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RE: Son of a Bitch, 2nd Class - 5/17/2005 10:42:29 PM   
Oznoyng

 

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quote:

ORIGINAL: Brady
The SBD was used by the Navy for as long as posable, the Navy did as you say Dislike the Helldiver and it was indead a POS in many way's. I recently read Pill "Beads" Pop's Memoir, in which he mentions the SBD"S on the Bunker Hill (He was in VF-17, then Did Another tour on the Bunker Hill later in the war), he said that he was always glad he never had to fly them, he watched a few fall off the end of the flight deck on T/O and never make it up, they went right into the sea, their reputation was horiable.

SBD's were used by New Zeland later in the war, and by Free French Forces in Europe as well late in the war, amongst others.

Hey, sounds ike they killed a few froggies. Can't be all bad.

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RE: Son of a Bitch, 2nd Class - 5/17/2005 10:50:24 PM   
Brausepaul


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quote:

ORIGINAL: Oznoyng

quote:

ORIGINAL: Brady
The SBD was used by the Navy for as long as posable, the Navy did as you say Dislike the Helldiver and it was indead a POS in many way's. I recently read Pill "Beads" Pop's Memoir, in which he mentions the SBD"S on the Bunker Hill (He was in VF-17, then Did Another tour on the Bunker Hill later in the war), he said that he was always glad he never had to fly them, he watched a few fall off the end of the flight deck on T/O and never make it up, they went right into the sea, their reputation was horiable.

SBD's were used by New Zeland later in the war, and by Free French Forces in Europe as well late in the war, amongst others.

Hey, sounds ike they killed a few froggies. Can't be all bad.


What a dumb statement.

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RE: Son of a Bitch, 2nd Class - 5/18/2005 5:32:13 AM   
SpitfireIX


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quote:

ORIGINAL: Capt Cliff

By the way Doolittle did his B-26 aerobatic's stateside, not in England. His best stunt was to feather one of his engines on takeoff then turn into the dead engine, an absolute No-No, but he pulled it off. He also wanted to take the B-26 on his Tokyo raid but knew the average pilot could take her off of a carrier deck.


Actually, if you read the excerpts from Doolittle's autobiography I linked above, you'll see he did it twice--in the US, right after Pearl Harbor, and then again in Britain about a year later. Also, the issue with using the B-26 for the Doolittle raid wasn't piloting skill required to take off--because of the Marauder's very high wing loading, its takeoff speed was impossibly high for it to be launched from a carrier--even Doolittle himself couldn't have done it.

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RE: Son of a Bitch, 2nd Class - 5/18/2005 6:09:37 AM   
Beezle


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Phooey ("Pfui" to those of you of Deutsch persuasion). I thought this was another of those MacArthur bashing threads.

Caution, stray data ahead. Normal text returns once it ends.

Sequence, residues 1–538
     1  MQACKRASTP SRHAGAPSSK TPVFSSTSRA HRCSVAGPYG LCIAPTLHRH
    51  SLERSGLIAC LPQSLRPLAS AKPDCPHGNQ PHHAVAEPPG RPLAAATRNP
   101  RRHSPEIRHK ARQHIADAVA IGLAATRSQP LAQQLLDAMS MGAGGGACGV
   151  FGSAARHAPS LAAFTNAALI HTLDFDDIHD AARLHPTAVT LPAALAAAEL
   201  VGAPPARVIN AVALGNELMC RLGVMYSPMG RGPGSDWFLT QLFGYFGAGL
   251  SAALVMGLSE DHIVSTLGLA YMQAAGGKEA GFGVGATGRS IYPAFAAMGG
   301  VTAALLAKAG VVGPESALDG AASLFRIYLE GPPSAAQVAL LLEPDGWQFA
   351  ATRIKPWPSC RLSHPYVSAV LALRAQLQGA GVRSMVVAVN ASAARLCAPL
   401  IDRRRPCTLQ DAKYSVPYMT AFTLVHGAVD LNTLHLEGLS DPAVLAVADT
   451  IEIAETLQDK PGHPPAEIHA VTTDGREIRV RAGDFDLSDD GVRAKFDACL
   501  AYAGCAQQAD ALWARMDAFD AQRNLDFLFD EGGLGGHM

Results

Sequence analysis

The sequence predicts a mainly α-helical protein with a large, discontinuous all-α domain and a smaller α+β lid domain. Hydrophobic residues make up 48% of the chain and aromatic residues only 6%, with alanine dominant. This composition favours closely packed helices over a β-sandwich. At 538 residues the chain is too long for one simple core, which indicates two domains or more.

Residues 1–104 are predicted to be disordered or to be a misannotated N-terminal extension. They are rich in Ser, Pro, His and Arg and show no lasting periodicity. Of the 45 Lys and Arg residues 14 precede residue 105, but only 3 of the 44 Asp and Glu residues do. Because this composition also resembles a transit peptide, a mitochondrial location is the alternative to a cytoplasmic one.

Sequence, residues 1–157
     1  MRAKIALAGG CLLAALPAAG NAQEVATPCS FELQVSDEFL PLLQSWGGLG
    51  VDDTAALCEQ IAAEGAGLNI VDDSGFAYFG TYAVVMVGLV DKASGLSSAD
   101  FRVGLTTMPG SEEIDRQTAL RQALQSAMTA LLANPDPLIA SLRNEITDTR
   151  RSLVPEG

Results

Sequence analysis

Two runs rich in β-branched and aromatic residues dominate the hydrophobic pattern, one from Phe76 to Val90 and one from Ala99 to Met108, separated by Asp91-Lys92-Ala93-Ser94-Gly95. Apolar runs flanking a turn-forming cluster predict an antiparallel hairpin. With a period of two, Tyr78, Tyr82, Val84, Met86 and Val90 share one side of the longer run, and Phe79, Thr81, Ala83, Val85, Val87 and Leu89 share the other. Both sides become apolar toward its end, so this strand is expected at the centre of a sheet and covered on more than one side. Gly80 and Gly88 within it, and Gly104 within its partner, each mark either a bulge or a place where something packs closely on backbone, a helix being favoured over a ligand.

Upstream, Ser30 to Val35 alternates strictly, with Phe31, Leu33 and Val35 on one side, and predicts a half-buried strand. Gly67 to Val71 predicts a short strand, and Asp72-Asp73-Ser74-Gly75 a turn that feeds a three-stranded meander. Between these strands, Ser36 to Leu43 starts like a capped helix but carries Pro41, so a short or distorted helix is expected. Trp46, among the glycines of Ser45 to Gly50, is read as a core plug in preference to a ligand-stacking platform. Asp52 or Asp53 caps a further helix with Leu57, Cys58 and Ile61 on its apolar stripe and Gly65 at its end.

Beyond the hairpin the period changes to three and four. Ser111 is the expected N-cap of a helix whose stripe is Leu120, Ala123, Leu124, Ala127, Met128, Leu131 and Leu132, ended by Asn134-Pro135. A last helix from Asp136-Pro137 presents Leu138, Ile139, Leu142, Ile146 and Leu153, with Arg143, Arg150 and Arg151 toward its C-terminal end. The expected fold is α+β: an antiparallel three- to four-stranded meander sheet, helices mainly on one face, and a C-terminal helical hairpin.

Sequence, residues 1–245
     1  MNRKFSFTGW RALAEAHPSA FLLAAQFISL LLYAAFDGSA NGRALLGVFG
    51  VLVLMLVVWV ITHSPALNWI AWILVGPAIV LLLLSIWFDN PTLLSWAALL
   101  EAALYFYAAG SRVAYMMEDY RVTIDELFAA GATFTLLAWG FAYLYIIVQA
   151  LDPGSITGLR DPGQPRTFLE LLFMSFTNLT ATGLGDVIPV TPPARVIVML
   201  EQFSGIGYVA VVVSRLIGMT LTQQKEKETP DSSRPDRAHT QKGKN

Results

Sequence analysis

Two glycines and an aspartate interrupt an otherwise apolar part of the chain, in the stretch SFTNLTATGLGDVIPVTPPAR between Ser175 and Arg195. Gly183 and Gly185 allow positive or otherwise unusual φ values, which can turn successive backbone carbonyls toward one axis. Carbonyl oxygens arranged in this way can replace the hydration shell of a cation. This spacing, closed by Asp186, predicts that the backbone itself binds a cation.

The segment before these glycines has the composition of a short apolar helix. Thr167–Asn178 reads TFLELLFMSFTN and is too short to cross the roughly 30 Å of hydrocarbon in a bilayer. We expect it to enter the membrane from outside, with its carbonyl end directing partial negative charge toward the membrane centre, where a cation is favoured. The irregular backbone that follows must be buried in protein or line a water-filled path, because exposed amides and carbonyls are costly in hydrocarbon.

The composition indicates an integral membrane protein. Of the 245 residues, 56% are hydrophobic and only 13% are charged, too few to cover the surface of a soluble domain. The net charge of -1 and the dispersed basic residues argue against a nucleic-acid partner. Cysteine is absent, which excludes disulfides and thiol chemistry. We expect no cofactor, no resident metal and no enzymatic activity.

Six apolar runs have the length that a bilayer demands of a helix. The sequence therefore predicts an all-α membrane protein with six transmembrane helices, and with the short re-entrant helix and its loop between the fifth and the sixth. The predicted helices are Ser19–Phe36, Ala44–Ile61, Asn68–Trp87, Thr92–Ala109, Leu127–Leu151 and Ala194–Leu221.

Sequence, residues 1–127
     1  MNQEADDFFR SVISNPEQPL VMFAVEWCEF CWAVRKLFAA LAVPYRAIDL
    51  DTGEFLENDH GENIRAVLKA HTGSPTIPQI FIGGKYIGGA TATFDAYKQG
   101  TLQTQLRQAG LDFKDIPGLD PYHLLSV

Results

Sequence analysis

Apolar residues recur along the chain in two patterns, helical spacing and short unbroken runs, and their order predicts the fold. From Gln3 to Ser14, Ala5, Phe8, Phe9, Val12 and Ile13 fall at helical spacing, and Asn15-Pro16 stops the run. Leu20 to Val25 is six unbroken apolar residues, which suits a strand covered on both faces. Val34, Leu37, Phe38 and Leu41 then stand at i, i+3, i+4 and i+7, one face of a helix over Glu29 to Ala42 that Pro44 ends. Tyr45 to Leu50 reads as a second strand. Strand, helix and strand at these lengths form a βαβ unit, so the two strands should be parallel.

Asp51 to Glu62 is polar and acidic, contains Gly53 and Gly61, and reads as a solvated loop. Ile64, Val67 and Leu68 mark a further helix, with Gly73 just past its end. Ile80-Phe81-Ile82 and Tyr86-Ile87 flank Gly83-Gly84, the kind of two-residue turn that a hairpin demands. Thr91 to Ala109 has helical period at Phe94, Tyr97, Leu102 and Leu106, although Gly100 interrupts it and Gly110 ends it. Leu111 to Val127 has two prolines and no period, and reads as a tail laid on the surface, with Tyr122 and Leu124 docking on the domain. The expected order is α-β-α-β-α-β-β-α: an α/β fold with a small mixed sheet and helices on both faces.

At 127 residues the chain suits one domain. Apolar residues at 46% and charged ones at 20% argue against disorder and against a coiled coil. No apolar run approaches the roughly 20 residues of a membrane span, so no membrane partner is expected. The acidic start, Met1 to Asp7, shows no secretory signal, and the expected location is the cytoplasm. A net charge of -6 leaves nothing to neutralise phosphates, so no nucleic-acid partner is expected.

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RE: Son of a Bitch, 2nd Class - 5/18/2005 7:45:48 PM   
pbear

 

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quote:

ORIGINAL: SpitfireIX


quote:

ORIGINAL: Capt Cliff

By the way Doolittle did his B-26 aerobatic's stateside, not in England. His best stunt was to feather one of his engines on takeoff then turn into the dead engine, an absolute No-No, but he pulled it off. He also wanted to take the B-26 on his Tokyo raid but knew the average pilot could take her off of a carrier deck.


Actually, if you read the excerpts from Doolittle's autobiography I linked above, you'll see he did it twice--in the US, right after Pearl Harbor, and then again in Britain about a year later. Also, the issue with using the B-26 for the Doolittle raid wasn't piloting skill required to take off--because of the Marauder's very high wing loading, its takeoff speed was impossibly high for it to be launched from a carrier--even Doolittle himself couldn't have done it.

He also did the same in the SW Pacific for Kennedy's boys. The A model was also know as "The Flying Prostitute" because it has 'no visable means of support" refering to the short wing span. The B's and later had a longer wing making the wing loading lower. However empty and in a shallow dive a Zero could not catch the B-26. So going downhill from Rabaul was much safer in a B-26. Great Airplane. Bombers are not suppose to be "hot aircraft".

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RE: Son of a Bitch, 2nd Class - 5/18/2005 9:43:08 PM   
Capt Cliff


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Spitfire IX, it has to do with Vmc or velocity minimum control and NOT wing loading. There is also V2 speed that allows for manueverability. The B-26 Vmc was higher than the B-25 which is a function of airfoil shape in concert with wing loading. There were to many variables like speed of the carrier and headwind that had to be maximized for the B-26 to work. I have no doubt Gen. Doolittle could have taken a B-26 off the Hornet, but the B-25 gave everyone a higher margin of safety than the B-26 would have.

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RE: Son of a Bitch, 2nd Class - 5/19/2005 5:58:56 AM   
SpitfireIX


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quote:

ORIGINAL: pbear


The A model was also know as "The Flying Prostitute" because it has 'no visable means of support" refering to the short wing span. The B's and later had a longer wing making the wing loading lower. However empty and in a shallow dive a Zero could not catch the B-26. So going downhill from Rabaul was much safer in a B-26. Great Airplane. Bombers are not suppose to be "hot aircraft".



Actually, the benefits of the new wing were somewhat offset by an increase in gross weight, due to additional equipment. See here.

_____________________________

"I know Japanese. He is very bad. And tricky. But we Americans too smart. We catch him and give him hell."

--Benny Sablan, crewman, USS Enterprise 12/7/41